In the invitation to participate, we told the volunteer respondents that we would provide them with a final copy of how their answers compared with the survey responses as a whole. Survey updates were presented to participants and their peers at various commodity meetings subsequent to survey implementation. The results and report then served as a springboard for ongoing local workshops where producers learned about improving their environmental stewardship activities.
Initially, we asked respondents to describe their main agricultural production activities in general terms. The results are listed in Table 1.
|Agricultural Activity||Number of producers|
Note that the total number of activities is 117 among the 90 respondents. This is because some respondents produce more than one type of crop (24 of 90, slightly more than 1/4 of the sample).
A total of 71 respondents (79%) stated that agricultural production was their full-time occupation. This rate did not vary statistically among the types of production included here (row crops, tree fruit, and nursery).
For the purpose of the study, we divided agricultural producers into three groups: those who use boom sprayers (used primarily for row crops, sprayed close to the ground), those who use airblast sprayers (used primarily for tree crops, sprayed relatively high into the air), and those who employ custom applicators (professionals who could potentially be using boom or airblast).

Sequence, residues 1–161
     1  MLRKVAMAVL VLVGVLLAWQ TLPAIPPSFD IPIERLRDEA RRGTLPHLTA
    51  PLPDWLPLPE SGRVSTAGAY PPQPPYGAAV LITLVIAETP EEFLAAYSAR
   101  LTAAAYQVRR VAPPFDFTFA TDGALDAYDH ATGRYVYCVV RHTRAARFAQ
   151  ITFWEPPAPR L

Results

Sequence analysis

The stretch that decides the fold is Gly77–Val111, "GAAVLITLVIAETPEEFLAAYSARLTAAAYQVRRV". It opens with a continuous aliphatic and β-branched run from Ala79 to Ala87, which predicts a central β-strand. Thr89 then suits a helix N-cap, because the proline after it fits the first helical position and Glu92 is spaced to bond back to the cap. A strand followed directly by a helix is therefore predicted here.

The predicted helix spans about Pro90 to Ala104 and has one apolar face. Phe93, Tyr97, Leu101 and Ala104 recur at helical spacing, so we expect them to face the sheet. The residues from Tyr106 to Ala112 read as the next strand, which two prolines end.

A total of 35 respondents stated that they had a custom applicator apply crop protection sprays. A total of 57 reported the use of boom sprayers, while 38 used airblast sprayers. Note that this is a total of 140, again among 90 respondents, indicating that many respondents use more than one kind of application.
These results show the complexity of many of the agricultural operations in this sample. Many producers are engaged in multiple types of agricultural enterprises, and many utilized multiple application strategies regarding spraying pesticides. Among other things, this implies that efforts to categorize producers are likely to meet with difficulties or over-simplifications.
Sensitive Areas Adjoining the Farm
A total of 72 respondents had a satellite or aerial map of their farm, but only 27 used this map for identifying sensitive areas (SA's) adjoining the farm. Respondents were then asked a series of questions concerning areas adjacent to their farms. The results of the first question are presented in Table 2.
|Not at all||Very Little||Somewhat||Relatively Thoroughly||Extremely Thoroughly|
While there was a considerable degree of variation in how much attention producers paid to the potential impacts of spray drift from their operations, the distribution of responses is weighted towards the "thorough" end. This suggests that growers generally have tried to consider the effects of spray drift on adjoining parcels.
We wanted to see whether behaviors/attitudes and practices of producers vary by type of enterprise and/or spraying activities. Coding the responses from Table 1 on a 1 - 5 scale (not at all = 1; extremely thoroughly = 5) allowed us to compare means for three types of respondents--those who use custom applicators, those who use a boom sprayer, and those who use an airblast sprayer. The average boom sprayer reports a 3.77, custom a 3.64, and airblast a 3.53.
These results suggest that those who use boom sprayers in general report higher level of thoroughness in identifying sensitive areas next to their farms as compared to airblast sprayers (F = 5.14, p = 03). This finding is counter-intuitive, given the fact that airblast sprayers tend to generate more drift because they tend to direct their spray upwards. However, multiple regression procedures we used which take into account distance from sprayed areas to sensitive areas and other factors do not reveal any statistical differences in these categories.